The fact that the future is determined does not remove the significance of free will choices. I can prove it to you by simply asking you to reflect on the past. The past is a particular thing. There are not all kinds of pasts that are possible. The past is a past fact. However, the past facts have been established by free choices. Even though the details of the past are fixed without any possibility of them being moved, they are fixed because people chose particular things and those particular things expressed themselves in time and are now past history.
You see, the critical question about determinism with regards to free will is not whether the future is set, but what sets the future. If the future is set by God’s fiat sovereign decree—and when I say the future I am talking about every single detail of the future—then I think it is true that there is no genuine free will. If that is the case, it seems to me that you can’t avoid the charge that God is now responsible for evil.
But I don’t think that is what sets the future entirely. I think there are things that are certain in the future and we know those things are certain because God told us about them. We know the ultimate fate of the wicked. We know the ultimate fate of the righteous. We know particular details, at least some broad outlines, about the second coming of Christ. God will accomplish those things because He decides to do it. Therefore, some facts of the future are going to occur in time simply because God has decided it to be so.
However, I don’t think most of the facts about the future are going to be set in that way. I think most of the facts of the future are set, not because God decides, but because you and I decide sometime in the future that certain things will be such. If you and I are making decisions that set the future into a particular mold, then we have free will, don’t we? One could ask, “Well, could I change the future?” All it takes to change the future is for you to make different decisions in the future. Those different decisions are the decisions that set the future as it will be.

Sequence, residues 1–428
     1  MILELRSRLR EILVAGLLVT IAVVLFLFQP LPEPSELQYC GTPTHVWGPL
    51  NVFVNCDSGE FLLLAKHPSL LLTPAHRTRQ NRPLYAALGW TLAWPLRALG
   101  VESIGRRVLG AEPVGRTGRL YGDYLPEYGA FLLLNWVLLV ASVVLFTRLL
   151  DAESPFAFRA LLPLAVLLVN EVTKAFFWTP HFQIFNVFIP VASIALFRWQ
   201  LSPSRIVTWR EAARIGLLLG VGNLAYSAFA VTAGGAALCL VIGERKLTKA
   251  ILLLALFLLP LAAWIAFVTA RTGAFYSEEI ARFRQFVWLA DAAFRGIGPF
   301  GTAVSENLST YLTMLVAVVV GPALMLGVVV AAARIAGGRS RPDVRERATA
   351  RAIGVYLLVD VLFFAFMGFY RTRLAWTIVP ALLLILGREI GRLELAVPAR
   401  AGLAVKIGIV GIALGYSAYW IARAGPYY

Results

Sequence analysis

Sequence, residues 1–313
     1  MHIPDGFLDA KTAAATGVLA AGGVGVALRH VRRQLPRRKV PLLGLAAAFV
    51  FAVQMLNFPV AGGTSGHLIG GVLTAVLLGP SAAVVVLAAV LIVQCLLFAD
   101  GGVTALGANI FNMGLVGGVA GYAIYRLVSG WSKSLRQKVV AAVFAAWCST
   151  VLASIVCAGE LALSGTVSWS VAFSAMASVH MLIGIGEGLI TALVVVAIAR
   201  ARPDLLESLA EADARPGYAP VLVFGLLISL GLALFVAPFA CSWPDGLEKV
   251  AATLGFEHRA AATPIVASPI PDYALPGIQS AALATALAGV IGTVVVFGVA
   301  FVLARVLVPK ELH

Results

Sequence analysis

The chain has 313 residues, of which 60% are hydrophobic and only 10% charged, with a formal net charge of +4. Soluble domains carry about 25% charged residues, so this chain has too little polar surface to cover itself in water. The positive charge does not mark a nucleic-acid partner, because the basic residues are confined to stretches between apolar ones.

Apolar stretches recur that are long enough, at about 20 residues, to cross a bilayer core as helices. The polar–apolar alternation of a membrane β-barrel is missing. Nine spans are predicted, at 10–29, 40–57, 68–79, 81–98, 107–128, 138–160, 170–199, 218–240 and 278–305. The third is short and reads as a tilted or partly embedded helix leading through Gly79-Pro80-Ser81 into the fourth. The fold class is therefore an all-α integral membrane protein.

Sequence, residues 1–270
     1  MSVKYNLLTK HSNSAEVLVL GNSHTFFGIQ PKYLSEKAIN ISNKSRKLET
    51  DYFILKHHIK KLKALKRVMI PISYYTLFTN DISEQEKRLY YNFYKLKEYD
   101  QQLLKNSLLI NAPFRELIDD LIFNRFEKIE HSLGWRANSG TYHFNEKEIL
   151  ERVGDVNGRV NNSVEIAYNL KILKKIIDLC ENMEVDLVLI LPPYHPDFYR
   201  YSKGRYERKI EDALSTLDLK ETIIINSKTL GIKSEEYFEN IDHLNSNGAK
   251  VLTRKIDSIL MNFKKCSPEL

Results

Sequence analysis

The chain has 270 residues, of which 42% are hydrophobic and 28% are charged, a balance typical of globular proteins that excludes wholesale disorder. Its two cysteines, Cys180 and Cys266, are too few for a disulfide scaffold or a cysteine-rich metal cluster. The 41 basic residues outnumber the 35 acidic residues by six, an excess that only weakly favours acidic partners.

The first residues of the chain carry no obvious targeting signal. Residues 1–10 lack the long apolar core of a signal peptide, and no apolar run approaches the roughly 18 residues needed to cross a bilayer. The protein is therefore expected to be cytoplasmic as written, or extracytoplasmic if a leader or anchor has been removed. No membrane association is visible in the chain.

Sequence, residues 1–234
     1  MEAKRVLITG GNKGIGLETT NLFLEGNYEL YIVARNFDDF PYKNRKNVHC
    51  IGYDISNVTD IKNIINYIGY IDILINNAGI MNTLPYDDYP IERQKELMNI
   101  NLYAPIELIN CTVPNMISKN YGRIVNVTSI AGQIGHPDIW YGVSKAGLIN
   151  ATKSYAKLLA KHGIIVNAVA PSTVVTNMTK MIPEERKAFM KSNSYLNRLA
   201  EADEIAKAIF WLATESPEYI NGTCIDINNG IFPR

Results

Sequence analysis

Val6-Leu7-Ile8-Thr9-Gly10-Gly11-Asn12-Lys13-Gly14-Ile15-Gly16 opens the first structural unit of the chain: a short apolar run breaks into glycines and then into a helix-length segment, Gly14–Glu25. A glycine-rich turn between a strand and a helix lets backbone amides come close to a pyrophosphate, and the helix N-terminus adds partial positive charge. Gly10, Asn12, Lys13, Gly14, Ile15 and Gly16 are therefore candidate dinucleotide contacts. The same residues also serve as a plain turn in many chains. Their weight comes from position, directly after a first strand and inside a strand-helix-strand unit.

In other words, “Yeah, the future is set, but what sets it?” You set it. Your decisions determine what the future will be to a great degree. What that means is that your individual choices, by and large, make the difference in the future. I am speaking in general terms here about God’s knowing the future as a function of His omniscience. However, knowing the future does not remove the possibility of your freedom in some measure in the future, because what He knows in the future are your free choices. This is a very important point.
I think people sometimes confuse this issue with the salvation issue, and I think that is a different category. This issue is talking about all acts in the future. The salvation issue has to do with acts that lead to salvation in the future, which is a smaller category. What role does God play in that? Are those decisions of God determinative? At this particular point, I think they are. In other words, as I mentioned earlier, there are certain things that God fixes about the future, though He doesn’t fix everything. That means we operate with a certain significant freedom in the events of the future. But there are some things that God has a say-so in and He has His way. I think one of those is in whether you will be allowed to continue in rebellion or whether you will turn to Him for salvation. I realize this raises a lot of questions and I’m not really interested at this point in pursuing that line of thinking or questions. That is a hybrid issue of this broader question of God’s omniscience.
I am simply making the point that because God knows the future entirely that isn’t the factor that sets the future and therefore robs you of any semblance of personal freedom. No, your freedom is what sets the future to a great degree; therefore, your free will actions are meaningful and your willful interaction with God in relationship is meaningful as well. In the broadest sense, God controls the future and nothing happens that He doesn’t see, doesn’t allow, and doesn’t somehow work in with His larger plan. This is why we can fall back on the significant promise in the book of Romans that God will “cause all things to work together for good for those who love him and for those who are called according to his purpose.” God can use everything, even man’s free choices.
Once again, let me clarify here. My comments are not about the issue of salvation, per se. That is a separate issue. What is the role of man’s will and God’s actions? Separate issue.
What I’m saying with regards to the future in general is that the future is fixed only in this regard: We are going to make particular decisions in the future that are acts of our own personal will, and that is what secures the future such that God can know particular things or facts about the future. Therefore we can call God omniscient because He knows all things.